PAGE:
Well, I was led to places like Dharwad, famous for its milk based desserts called peda, but that is not what I was looking for, whilst delicious, it was too simple a dish to sell in a ‘world class’ restaurant.

In Mangalore I found among other delicacies, neer dosa, a kind of rice flour dosai served with kori gassi  which was perfect to feature as a main course, but I was looking for a starter with seafood.

My friend, KK Shiva, had recommended a place called Coondapoor famous for its usha restaurant. He had also warned me to get there early as the restaurant is famous for a fried fish called kane rava fry which is sold out even before it is sold, if you know what I mean!

The owner of the restaurant, Mr Shetty, does not take any bookings so it is on a first come first served basis. Cool!!

Well, I was not going to miss out on this experience and I was extremely lucky to get the last of the ‘KRF’.

The kane fish (also called lady fish), is extremely delicate and has to kept alive till it is ready to be cooked. There is no scientific reason for this except that the usha restaurant has no refrigerators!!

Once killed, the fish must be massaged with oil which keeps the fish soft and prevents it from curling!!

The gutted fish then gets smeared with a masala called coondapoor masala, coated with semolina and fried.

What then appears is the best ‘crumbed’ fish I had ever eaten!!

This dish had to feature in our new restaurant and was sure to be a winner!!

The restaurant, by the way, is called ‘Karavalli’ and even though I left the restaurant over 25 years ago, this fish dish has never left the menu!!

Now, nearly 25 years down the line I serve a version similar to the KRF in Nilgiri’s in Sydney, on special occasions, but I use a local fish called barramundi.

This fish has a very earthy flavour and can be very easily crumbed. I love to eat it, served with a mint and coriander chatni!! For a one page version of this recipe click semolina crust fish recipe. For a step by step recipe, keep reading!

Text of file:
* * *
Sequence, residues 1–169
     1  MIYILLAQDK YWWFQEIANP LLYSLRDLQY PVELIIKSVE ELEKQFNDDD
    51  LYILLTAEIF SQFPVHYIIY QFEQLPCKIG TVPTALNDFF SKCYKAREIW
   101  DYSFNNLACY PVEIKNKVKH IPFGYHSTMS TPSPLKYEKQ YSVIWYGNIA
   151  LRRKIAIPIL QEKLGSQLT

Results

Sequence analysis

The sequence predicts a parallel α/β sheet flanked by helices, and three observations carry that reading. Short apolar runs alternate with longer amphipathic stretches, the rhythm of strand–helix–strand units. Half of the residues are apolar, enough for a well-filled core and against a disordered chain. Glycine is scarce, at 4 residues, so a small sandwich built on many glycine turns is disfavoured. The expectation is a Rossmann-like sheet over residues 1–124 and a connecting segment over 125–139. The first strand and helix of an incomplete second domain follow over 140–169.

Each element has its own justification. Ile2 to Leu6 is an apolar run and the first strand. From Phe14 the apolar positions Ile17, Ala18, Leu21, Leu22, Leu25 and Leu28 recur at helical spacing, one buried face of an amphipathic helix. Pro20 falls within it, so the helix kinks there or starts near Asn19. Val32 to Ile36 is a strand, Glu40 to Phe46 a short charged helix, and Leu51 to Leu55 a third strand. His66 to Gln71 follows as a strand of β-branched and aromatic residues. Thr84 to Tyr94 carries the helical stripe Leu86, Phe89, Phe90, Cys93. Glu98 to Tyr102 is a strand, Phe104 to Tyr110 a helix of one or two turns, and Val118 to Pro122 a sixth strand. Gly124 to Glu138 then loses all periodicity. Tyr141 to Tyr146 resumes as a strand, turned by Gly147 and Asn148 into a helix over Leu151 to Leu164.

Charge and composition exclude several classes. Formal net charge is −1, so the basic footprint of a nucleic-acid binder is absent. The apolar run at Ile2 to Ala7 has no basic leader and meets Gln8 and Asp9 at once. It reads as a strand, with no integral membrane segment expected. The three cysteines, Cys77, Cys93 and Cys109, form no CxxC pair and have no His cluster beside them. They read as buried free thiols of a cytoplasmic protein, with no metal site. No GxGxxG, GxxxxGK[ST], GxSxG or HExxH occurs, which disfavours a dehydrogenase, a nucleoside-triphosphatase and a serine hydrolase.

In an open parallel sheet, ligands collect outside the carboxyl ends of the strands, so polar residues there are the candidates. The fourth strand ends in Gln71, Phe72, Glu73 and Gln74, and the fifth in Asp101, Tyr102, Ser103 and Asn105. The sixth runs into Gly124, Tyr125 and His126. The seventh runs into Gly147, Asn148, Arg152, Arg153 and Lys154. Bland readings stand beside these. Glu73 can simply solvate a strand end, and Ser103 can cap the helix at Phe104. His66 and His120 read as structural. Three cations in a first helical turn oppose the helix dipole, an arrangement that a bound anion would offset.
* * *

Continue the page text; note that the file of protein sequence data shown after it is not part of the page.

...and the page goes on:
step 1

ingredients, clockwise: salt, turmeric powder, garam masala for fish, fresh chillies ground, tamarind extract, fresh chillies slit lengthways, fried kari leaves, red onions, sliced

step 2

2-inch squares of barramundi

step 3

fine to medium coarse semolina

step 4

oil for frying

step 5

to finish - lemon juice and chopped parsley

step 6

FOR THE MARINADE:

add salt

step 7

add

add turmeric and garam masala

step 8

add ground chillies

step 8

add tamarind extract

step 9

mix spices into a masala or marinade

step 10

coat each fish piece in the masala

step 11

apply masala on both sides, or just one if you prefer

step 12

dust fish in semolina

step 13

add oil to hot pan and heat until it starts smoking

step 14

carefully place each fish piece in the hot oil

step 15

cook till the semolina is golden

step 16

carefully turn fish over to cook both sides evenly, taking care not to damage semolina crust

step 17

keep frying

step 18

fry until fish crust turns a dark golden colour

step 19

drain each fish piece of oil

step 20

prepare bed of Spanish onion and chopped coriander, fried kari leaves with a dash of lemon juice, to serve

step 21

enjoy!

Serve this as a part of your Easter Special and watch the resurrection of . . . happen in front of your eyes!!

Anah Daata Sukhi Bhaava!!